I met you on Tinder. We both swiped right, you messaged me, and the rest was history. We went to bars, had coffee at the stroke of midnight, indulged in occasional fine dining, and you even took me out for ice cream once. We would talk about the current statuses of our family life, updates inside our social circles, and even a mention or two regarding our career and personal life decisions.
You were the one, I just knew it. How could I be wrong when every ounce of your presence gave me butterflies? We would’ve made a great couple. Same interests, same age, and same astrological sign; we were perfect.
Or so I thought.
As months passed, I remember feeling excited whenever I would see your car parked in front of my house, only to second guess my feelings for you by the end of the night. Where did I stand with you? How long could I continue this cycle of disrespect, not only toward my body but toward who I was?
I remember all the nights I’d spend with you. I fell for you the minute my personal life inserted itself into our relationship. I remember confessing every ounce of my feelings to you and how you told me how out of line I was. You said I couldn’t possibly be catching feelings for you because we were just “friends.” You took away my ability to validate how I felt and turned it into the blame-it-on-the-lady game.
You messed up my mind, my heart, and my reality. All the tables were turned. You made me believe how crude and unnecessary it was to be looking for a genuine relationship; I was slowly losing sight of my identity. You didn’t even love me and you weren’t interested in falling for me, so why was your presence and attention the only one I craved? How could I have thought so little of myself under such mediocre circumstances?
In the summer of 2017, I confessed the growth of my feelings towards you, and once again you refused. “We’re just friends, we’re only having fun. Chill — we’re not even in a relationship.” But friends don’t make out like that, friends don’t hold hands at the movies, and evidently, friends don’t consistently imply romantic interest in their actions and words, only to deny any trace of it the next day.
So I had it. I had enough of your need for control, your lies, deceit, and manipulation. I grew fed up with your refusals of me, your rejection of my love, and your ignorance of my presence in your life. So I left you.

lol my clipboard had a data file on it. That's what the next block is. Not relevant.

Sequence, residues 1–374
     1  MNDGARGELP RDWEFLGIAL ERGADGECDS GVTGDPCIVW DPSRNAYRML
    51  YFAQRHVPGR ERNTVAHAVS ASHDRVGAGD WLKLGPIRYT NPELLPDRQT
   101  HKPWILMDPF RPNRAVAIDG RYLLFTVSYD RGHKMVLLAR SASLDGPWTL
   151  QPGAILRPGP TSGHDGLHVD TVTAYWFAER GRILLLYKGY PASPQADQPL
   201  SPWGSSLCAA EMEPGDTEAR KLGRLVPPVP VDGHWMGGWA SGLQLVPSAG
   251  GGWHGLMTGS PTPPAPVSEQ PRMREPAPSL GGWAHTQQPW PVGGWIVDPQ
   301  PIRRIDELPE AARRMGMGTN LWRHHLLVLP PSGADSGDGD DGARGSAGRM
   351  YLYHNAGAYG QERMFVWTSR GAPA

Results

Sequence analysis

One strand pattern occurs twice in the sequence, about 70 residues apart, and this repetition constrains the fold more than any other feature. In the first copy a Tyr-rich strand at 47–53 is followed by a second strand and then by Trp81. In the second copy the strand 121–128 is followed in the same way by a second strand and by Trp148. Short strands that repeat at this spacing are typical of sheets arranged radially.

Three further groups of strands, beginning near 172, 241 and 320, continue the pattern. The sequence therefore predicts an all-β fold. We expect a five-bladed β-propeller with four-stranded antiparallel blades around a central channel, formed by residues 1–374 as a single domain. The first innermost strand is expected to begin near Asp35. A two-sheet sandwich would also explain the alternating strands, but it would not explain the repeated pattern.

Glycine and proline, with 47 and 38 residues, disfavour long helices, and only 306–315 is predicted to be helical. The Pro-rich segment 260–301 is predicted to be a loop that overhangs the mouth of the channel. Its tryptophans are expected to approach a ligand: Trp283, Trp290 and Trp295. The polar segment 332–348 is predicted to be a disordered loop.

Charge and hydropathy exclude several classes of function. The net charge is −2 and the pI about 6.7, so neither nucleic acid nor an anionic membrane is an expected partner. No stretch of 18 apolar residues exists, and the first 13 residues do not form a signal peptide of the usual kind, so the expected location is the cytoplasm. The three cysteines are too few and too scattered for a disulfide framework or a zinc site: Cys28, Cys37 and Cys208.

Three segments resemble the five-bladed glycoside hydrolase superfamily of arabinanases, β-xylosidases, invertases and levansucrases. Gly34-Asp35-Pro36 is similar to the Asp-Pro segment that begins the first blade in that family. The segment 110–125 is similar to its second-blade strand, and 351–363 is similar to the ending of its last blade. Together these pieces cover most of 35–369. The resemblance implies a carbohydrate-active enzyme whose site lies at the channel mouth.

I walked away from your hesitation, your indecisiveness, and your immaturity. I found myself not caring if I was going to be alone anymore, and for the first time, I didn’t mind the idea of it either. I’d rather be alone than spend another minute with you. I’d rather feel my own love than beg for yours. I’d rather do what I want when I want than letting you tell me what to do. You see, being with you longer than I planned to taught me to value myself first before I even dared to cherish anybody else. I realized that I was as important as the next person who’d come into my life.
I was ready to leave everything behind because I was ready for a fresh start — browsing for jobs out of the country, inquiring about living spaces in different cities, and finally at peace with the future of the love in my life.
And that was when I met someone very special. Someone who valued my opinion as much as what he thought of the situation, who invested an equal amount of effort towards each stage of our relationship, and who became my best friend, aware that the concept of romantic gestures could never sum up to the deed of always being there when needed the most.
Evidently, my love life had succumbed to an interesting array of emotions where I thought I was going to be alone for a while or that no one could ever learn to completely love me. It eventually led me down a path of seeking constant validation from men who only valued my presence through their physical pleasure. I never gave up hope, because even through the chaos, I knew I was bound to meet him one day.
Who knew that day was right around the corner.